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United Tech Chairman Says Diebold Deal Unlikely

George David of United Technologies said Thursday the industrial conglomerate's takeover of ATM manufacturer Diebold is not likely to happen.

DANA POINT, Calif. (AP) -- The chairman and ex-CEO of United Technologies Corp. said Thursday the industrial conglomerate's takeover of ATM manufacturer Diebold Inc. may be unlikely.

"It just sits there," George David told investor analysts at a conference. "I think it's probably less likely rather than more likely at this stage."

George David, who spearheaded the deal shortly before he retired as CEO in April, told investor analysts at a conference that the deal is not likely to happen.

The offer still stands, but United Technologies is waiting for financial information from Diebold, David said. United Technologies Corp. is parent company of jet engine manufacturer Pratt & Whitney, Otis elevator, Sikorsky Aircraft and other businesses.

Hartford, Conn.-based United Technologies made a $40-per-share cash offer, about $2.6 billion, for Diebold in February. Diebold rejected the offer.

Mike Jacobsen, a spokesman for Diebold in North Canton, Ohio, said company executives still believe the offer was "opportunistic and significantly undervalued the company."

Representatives of the two companies have not met to review financial information, he said.

Diebold reported earnings in August, the first time since early last year as regulators review the way the company reports revenue.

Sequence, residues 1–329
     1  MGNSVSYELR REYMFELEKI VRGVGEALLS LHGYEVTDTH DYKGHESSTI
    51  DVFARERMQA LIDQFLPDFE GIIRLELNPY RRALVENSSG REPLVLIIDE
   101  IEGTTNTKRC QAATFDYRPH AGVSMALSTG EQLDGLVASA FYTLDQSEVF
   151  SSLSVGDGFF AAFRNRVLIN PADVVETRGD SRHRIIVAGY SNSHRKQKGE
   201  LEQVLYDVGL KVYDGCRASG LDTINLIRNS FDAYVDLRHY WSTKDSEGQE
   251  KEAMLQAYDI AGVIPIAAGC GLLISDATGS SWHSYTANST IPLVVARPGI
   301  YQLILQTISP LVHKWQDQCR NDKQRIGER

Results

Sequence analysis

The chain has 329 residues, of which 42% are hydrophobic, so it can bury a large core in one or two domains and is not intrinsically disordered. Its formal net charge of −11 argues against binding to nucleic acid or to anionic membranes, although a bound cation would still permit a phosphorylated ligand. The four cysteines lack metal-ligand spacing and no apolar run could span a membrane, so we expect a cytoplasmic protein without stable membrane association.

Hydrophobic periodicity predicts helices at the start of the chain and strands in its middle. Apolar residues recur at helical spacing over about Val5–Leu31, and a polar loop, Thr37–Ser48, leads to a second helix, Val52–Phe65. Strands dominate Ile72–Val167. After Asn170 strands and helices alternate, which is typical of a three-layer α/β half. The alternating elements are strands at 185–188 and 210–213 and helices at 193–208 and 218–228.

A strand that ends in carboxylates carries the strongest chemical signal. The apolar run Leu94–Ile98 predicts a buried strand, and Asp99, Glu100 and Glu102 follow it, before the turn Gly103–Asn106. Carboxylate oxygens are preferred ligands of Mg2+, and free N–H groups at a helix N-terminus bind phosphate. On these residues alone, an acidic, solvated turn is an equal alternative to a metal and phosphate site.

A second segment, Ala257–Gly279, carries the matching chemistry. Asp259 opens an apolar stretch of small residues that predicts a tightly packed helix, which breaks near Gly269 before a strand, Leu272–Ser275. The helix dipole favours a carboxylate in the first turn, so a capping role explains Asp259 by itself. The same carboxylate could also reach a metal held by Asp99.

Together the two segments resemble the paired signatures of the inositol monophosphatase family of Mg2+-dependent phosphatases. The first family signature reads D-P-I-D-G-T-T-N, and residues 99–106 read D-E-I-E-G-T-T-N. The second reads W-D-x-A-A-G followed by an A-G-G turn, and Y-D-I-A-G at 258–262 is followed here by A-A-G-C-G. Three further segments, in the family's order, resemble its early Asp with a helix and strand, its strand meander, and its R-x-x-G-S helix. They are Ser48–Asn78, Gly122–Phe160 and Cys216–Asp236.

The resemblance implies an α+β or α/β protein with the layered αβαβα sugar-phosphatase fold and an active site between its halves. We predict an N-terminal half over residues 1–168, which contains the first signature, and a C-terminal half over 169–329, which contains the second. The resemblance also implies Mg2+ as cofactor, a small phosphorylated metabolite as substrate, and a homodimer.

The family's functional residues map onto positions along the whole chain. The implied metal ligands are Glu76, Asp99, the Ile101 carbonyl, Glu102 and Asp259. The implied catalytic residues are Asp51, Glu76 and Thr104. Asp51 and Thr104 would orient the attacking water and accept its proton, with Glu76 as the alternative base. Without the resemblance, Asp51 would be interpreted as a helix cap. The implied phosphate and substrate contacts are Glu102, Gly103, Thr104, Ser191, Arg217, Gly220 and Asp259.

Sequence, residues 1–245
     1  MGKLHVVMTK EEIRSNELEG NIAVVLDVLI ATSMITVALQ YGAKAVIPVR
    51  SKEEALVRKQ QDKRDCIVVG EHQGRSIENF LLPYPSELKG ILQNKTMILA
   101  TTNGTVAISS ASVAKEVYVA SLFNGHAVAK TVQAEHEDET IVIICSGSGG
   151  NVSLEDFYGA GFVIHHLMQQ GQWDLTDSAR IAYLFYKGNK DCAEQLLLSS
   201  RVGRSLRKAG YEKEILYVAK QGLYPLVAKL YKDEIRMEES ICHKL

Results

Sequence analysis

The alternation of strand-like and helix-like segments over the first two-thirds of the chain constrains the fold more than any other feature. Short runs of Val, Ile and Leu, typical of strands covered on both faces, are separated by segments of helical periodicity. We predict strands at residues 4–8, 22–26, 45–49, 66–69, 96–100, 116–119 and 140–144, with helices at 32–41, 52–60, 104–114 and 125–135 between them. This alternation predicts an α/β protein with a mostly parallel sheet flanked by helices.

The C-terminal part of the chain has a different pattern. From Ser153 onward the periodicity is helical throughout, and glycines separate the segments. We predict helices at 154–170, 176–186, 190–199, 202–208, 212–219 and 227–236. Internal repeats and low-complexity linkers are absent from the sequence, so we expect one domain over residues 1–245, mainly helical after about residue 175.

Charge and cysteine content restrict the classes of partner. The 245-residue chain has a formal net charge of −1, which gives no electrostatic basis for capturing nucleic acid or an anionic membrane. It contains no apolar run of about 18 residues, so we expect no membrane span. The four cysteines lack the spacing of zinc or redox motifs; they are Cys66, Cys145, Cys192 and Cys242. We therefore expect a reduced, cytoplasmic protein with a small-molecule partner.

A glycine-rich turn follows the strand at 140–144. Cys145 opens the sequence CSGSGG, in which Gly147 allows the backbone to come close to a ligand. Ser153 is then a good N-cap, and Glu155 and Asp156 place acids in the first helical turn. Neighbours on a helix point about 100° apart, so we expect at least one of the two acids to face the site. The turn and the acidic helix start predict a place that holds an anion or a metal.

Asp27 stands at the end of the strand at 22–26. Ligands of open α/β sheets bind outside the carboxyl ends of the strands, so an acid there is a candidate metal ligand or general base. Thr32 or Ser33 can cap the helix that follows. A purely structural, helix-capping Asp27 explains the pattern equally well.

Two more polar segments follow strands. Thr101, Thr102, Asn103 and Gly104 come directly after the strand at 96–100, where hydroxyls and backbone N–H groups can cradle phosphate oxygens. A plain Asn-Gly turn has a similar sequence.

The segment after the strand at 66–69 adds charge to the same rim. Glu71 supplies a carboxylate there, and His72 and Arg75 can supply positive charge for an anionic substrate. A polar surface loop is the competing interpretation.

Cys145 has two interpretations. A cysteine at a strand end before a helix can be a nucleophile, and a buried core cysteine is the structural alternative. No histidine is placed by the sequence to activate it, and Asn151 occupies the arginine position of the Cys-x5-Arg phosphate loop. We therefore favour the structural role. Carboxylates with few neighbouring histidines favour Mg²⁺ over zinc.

David criticized Diebold's management for failing to act on United Technologies' offer.

"I just think it's kind of a sad, actually in my opinion, repudiation of shareholder value," he said. "There were lots of promises about structure and margin increases and all those kinds of things from a management team that actually hasn't really done anything for shareholders for quite some time."

David said United Technologies has not been affected by the slowing commercial construction market.

"Commercial construction orders is a much advertised and telegraphed problem that we have not seen," he said.

Elevator orders for Otis in North America were up 7 percent in the first half of the year, though United Technologies expects a pullback in the second half of the year.

And commercial construction orders for Carrier in North America are up 3 percent in the first half of 2008, David said.

He said a crisis in financial services over the last year has spread across the industrial economy, "but not quite as rapidly or as seriously as the media would have us believe."

Shares of United Technologies fell 67 cents to $62.65 in midday trading. Diebold shed $2.62, or 7 percent, to $34.88.

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